Farmers heed government call for smart farming

The Chronicle

Sukulwenkosi Dube-Matutu, Head of Matabeleland South Office
Livestock farmers are responding to the government’s call to increase the national herd by adopting smart farming practices such as stud farming, artificial insemination and intensive fodder production.

The government, through ARDAS, formerly Agritex, has also put in place various programs to empower herders to adopt commercial models of animal husbandry.


Speaking recently during a livestock field day at Mr. Obert Chinhamo’s Biano farm in Umzingwane district, the farmers expressed their commitment to the development of the livestock sector.

The field day was organized to inspire farmers to maximize production on their portions of land and adopt smart strategies that can improve the quality and quantity of their herds.

Mr. Obert Chinhamo who is a stud breeder owns 320 animals on 80 hectares of land. He practices silage production, fattening in enclosures, mechanized fodder production, oat production, which has boosted his herd.

Mr. Chinhamo also scoops grass around his area for cattle feed.

Mr. Obert Chinhamo

Farmer from Gwanda, Mr Rabson Tlou said the field day had opened his eyes to methods of improving his herd.

“As farmers, we have realized that the days of keeping only single breeds on our farms are over. Instead of focusing on quantities, we now need to focus on quality. The question I should be asking myself is how much money can each beast earn me? I felt inspired seeing how Mr. Chinhamo managed to keep such a large herd on a small piece of land that is only 80 hectares,” he said.

Gwanda-based farmer Mr Thulani Dube said the field day helped him realize he could raise quality animals without having to part with a lot of money to support his herd. He said field days are crucial as they help build capacity and inspire farmers.

Mr. Dube said the knowledge they get from extension workers helps them improve their production as farmers.

“I like the way Mr. Chinhamo saves his maize residue after harvest and then processes it in a silage pit to prepare nutritious feed for his animals. It lowers his cost of production. He chooses to grow most he feeds his animals. He also scoops hay around the farm. As a new farmer, I have realized that every bit of land I have is valuable and can help improve my production,” he said.

Bubi farmer, Mrs. Margaret Moyo, said that as a pastoralist from the Matabeleland region, she understood the role she had to play in the growth of the national herd and the development of the livestock sector. She said the field day opened her eyes to silage and forage production.

Ms Moyo said she also learned about the good qualities of the Simmental breed.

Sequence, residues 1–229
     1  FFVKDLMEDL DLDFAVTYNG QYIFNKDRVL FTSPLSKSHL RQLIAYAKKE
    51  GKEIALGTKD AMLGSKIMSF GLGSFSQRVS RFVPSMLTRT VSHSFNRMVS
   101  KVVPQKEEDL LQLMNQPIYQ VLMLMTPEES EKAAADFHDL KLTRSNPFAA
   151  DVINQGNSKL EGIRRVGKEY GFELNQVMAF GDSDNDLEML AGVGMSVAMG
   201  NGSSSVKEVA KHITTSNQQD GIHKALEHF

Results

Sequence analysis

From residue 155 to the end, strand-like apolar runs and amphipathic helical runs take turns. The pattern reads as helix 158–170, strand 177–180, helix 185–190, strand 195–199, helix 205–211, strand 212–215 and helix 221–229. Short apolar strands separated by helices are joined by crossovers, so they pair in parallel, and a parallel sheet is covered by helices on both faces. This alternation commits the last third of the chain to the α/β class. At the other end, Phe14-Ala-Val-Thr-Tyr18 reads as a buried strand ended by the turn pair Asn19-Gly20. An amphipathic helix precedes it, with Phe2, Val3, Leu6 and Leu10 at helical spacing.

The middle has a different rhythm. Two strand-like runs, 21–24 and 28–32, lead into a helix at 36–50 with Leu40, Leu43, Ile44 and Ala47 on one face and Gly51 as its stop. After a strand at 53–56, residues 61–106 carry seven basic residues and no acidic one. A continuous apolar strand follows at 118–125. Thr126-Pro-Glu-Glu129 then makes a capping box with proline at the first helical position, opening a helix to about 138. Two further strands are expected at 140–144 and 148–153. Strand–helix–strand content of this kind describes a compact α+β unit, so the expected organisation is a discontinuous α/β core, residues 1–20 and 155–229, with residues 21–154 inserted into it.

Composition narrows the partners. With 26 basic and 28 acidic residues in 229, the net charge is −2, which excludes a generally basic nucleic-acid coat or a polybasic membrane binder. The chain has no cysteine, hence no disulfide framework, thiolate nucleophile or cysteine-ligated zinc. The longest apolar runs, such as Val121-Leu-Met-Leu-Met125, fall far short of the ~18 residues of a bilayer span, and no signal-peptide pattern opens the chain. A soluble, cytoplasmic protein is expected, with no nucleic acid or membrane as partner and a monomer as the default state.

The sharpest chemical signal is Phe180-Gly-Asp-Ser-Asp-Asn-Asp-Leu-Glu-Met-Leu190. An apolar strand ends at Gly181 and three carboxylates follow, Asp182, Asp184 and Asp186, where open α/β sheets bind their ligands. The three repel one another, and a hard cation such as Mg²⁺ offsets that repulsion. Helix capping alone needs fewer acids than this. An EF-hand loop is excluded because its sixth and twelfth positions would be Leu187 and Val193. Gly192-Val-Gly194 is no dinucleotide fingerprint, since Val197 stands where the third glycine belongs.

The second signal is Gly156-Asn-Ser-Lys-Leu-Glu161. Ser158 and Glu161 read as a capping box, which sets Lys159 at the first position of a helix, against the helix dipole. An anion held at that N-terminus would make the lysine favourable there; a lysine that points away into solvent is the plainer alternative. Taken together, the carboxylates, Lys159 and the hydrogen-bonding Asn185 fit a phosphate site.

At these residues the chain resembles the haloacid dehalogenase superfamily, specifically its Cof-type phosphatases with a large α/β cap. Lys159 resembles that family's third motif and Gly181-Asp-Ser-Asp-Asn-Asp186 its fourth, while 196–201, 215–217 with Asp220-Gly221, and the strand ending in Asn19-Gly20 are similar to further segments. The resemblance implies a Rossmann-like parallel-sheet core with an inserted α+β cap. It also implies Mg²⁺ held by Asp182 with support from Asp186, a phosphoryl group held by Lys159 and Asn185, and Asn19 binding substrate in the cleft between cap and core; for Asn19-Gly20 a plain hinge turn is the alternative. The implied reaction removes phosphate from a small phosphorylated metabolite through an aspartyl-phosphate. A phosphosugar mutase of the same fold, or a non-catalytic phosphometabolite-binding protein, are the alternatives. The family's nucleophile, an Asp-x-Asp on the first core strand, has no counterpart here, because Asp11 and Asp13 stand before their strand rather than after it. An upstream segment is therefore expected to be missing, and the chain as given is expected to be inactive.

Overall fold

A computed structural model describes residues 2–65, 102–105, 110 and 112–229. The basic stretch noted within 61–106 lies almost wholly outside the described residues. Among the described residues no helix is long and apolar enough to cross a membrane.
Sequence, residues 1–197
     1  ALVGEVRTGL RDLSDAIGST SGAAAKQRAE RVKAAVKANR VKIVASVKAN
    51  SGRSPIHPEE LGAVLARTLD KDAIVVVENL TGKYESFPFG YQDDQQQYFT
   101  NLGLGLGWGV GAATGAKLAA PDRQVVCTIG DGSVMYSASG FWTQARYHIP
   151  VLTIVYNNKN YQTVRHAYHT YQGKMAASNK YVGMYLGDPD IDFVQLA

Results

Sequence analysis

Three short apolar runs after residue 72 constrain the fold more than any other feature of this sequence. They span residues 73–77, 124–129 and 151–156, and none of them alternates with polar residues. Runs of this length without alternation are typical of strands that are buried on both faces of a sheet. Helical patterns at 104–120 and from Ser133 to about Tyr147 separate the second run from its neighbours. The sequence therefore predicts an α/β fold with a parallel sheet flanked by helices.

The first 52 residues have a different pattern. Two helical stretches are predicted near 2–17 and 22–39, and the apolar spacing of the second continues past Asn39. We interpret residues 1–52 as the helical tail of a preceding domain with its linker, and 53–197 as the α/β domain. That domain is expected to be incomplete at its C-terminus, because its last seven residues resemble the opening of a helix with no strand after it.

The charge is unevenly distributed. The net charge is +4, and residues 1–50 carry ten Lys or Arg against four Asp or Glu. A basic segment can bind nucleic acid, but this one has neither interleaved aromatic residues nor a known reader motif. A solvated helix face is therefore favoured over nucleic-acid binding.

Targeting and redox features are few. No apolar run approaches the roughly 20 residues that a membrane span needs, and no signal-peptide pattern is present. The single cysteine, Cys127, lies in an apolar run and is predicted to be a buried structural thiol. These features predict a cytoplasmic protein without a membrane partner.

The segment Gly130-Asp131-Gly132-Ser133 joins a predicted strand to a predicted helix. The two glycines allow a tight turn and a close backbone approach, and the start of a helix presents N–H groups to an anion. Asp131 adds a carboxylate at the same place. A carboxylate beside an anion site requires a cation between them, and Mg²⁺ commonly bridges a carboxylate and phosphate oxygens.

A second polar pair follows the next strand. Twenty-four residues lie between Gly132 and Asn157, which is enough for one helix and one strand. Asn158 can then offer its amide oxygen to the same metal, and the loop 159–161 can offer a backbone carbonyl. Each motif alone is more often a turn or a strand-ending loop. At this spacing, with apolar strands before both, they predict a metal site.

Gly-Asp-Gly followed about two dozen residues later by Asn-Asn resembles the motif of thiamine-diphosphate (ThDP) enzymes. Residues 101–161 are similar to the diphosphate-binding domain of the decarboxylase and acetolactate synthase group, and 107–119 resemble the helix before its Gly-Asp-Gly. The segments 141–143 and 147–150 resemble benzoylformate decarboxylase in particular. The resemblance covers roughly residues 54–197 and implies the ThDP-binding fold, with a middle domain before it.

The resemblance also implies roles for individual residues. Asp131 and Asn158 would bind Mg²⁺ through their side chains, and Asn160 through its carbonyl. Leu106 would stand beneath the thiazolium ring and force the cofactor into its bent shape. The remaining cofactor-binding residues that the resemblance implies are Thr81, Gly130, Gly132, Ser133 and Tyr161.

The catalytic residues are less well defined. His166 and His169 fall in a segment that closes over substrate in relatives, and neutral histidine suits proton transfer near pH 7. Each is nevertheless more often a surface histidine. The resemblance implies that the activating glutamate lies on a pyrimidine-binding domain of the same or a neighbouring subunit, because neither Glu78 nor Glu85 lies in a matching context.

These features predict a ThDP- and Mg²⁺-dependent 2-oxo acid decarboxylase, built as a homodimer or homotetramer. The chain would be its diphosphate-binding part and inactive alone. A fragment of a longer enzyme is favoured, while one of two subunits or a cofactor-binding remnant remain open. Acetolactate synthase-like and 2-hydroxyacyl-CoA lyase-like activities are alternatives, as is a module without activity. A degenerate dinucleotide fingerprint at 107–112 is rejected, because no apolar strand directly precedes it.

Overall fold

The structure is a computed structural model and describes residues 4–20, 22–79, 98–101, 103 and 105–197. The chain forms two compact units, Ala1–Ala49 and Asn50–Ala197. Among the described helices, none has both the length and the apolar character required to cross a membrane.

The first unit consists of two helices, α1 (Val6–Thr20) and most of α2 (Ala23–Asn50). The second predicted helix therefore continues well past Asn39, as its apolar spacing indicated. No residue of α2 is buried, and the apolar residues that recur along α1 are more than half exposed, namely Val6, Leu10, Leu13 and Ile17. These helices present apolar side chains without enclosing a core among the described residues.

“I learned that Simmental breeds adapt well to the environment and can thrive well in our country. I also learned that Simmentals are dual purpose animals as they provide milk and meat. Simmentals also grow large and have a large carcass which makes them ideal for breeding. I also noted that as breeders we need to practice artificial insemination in order to improve the quality of our herds,” she said.

Speaking at the field day, the Chief Director of Rural Development and Agricultural Advisory Services (ARDAS), Prof. Obert Jiri urged herders in the Matabeleland region to maximize production on their plots and to increase their herds to get the Cold Storage Company (CSC) and the Dairiboard factory. in Bulawayo operational.

Director General of Agricultural Rural Development and Advisory Services (ARDAS), Professor Obert Jiri

He said the country had 5.5 million head of cattle out of a target of nine million. Prof Jiri said that to achieve this goal, the Matabeleland region has a huge role to play as a farming area.

“At Mr. Chinhamo, we have seen very good breeding and a very good integrated breeding system which is a complete value chain approach. He does silage production, artificial insemination among other activities.

There is money in this type of agriculture. These activities contribute to the growth of the economy of the province of Matabeleland South. Here we see productivity at stake,” he said.

The government has rolled out eight programs under the Rural Development Program 8.0 including Tick Grease Program, Pfumvudza/Intwasa Program, Pfumvudza Cotton Program, Presidential Rural Development Program which targets borehole drilling in each of the 25,000 villages, the Presidential Poultry Program, the Presidential Goat Program, the Fisheries Program and the Vision 2030 Acceleration Program.


Professor Jiri urged farmers to use these projects and work hard to ensure their success.

Fodder production has been identified as one of the main means of boosting the national herd.

President Mnangagwa launched the Presidential Livestock Program as part of efforts to develop the livestock sub-sector. Under this program, farmers receive legume seeds, fertilizers and fodder sorghum, among other inputs. The distribution of inputs should stimulate the creation of fodder banks for better animal nutrition.

Priority is given to the hardest hit drier southern areas, where drought-related livestock deaths are highest.

The program falls under the Livestock Growth Plan, which is part of the Agriculture and Food Systems Transformation Strategy which is expected to transform agriculture into an $8.2 billion industry by 2025 and contribute to achieving Vision 2030. — @DubeMatutu

About Keneth T. Graves

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